“I just love how football is a brotherhood and it takes all 11 players on the field to make a play work,” Jerreth added. “Football is just a lot different than a lot of other sports. You know, in basketball, one player can take over a game completely. And you could say the same thing about football, but it really requires all 11-players to win a game.”
ORANGE IS THE NEW FAST
Josh and Jerreth will not be the only Sterns brothers to don orange at the collegiate level — next season included.
Caden Sterns, who is just a few months younger than Jerreth, is a two-year starter in burnt orange and at safety for the University of Texas. There is also Jordan Sterns, who most recently played for the Kansas City Chiefs following a collegiate career at Oklahoma State University.
The eldest brothers, Jamison, who attended West Texas A&M University, and Jay Sterns shined on the football field for Waxahachie.
Of course, their father, James, was a standout basketball player at Waxahachie (1979-81) and Baylor University, and also enjoyed a professional career with the Harlem Globetrotters and Pensacola Tornados.
And, truth be told, it was James that first alerted me to Josh’s potential on the gridiron. We were seated just inside the front door of his then-newly-opened Ellis County Performance and Recovery Center in downtown Waxahachie during December of 2017.
At that time, Josh had just wrapped up his freshman season, pushing any thoughts of his potential breakout to the back burner. It then took just a few catches in space for his father’s prediction to come true — Josh is the fastest of the Sterns boys.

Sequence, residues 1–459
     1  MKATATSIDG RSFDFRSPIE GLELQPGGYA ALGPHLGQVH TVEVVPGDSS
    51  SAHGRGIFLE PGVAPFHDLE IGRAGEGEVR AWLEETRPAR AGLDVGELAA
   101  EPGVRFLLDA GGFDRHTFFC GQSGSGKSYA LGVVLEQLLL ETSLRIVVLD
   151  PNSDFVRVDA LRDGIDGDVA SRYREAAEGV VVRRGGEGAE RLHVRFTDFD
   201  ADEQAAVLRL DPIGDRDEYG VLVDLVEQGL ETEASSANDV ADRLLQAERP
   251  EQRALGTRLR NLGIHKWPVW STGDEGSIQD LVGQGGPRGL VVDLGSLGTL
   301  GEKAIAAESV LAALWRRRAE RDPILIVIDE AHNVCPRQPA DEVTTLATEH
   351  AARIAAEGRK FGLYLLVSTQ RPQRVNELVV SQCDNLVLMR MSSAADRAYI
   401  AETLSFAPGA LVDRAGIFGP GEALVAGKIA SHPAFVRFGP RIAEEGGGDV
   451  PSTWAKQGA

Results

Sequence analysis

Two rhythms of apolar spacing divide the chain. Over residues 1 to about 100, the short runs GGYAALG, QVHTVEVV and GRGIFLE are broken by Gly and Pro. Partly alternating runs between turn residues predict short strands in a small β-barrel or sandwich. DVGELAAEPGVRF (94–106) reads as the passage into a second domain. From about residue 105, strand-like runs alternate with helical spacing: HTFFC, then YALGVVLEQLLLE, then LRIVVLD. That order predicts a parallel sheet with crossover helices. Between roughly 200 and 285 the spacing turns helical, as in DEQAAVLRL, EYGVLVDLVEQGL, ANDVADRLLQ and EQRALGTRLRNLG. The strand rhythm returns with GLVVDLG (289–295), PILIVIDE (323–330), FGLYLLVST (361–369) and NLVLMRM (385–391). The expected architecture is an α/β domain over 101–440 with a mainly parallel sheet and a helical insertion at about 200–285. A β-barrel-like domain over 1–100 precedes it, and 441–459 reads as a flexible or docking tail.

When Josh and Jerreth were asked who the fastest of the six brothers is, it was Josh who quickly answered first.
“Josh,” he said with a laugh.
Jerreth, with a bit more composure and thought, countered and noted through a laugh that it would either be Josh or James.
“I think that I am going to be ready to prove it,” Josh confidently added.
Jerreth then credited their athletic upbringing for the on-field (or track) success.
“Our father always pushed us and our mother held us to a high standard, so our household was always competitive and always competing and it just made us better along the way,” he explained.
WHEN TO WATCH
The Sterns brothers will look to help the Huskies best their program-record win total set in 2019 (5) next fall. The previous program-high in wins (4) was set in 2016, which was the third under current head coach Vic Shealy. HBU launched its football program in 2014.
HBU is scheduled to open the 2020 season Saturday, Sept. 5 at the University of North Texas on Sept. 5 in Denton. A kickoff time has not yet been set.
Portions of this report were first heard during a KBEC Sports airing of The Press Box. Those interviews can be heard in their entirety here: http://bit.ly/2syfpQs.
Travis M. Smith, @Travis5mith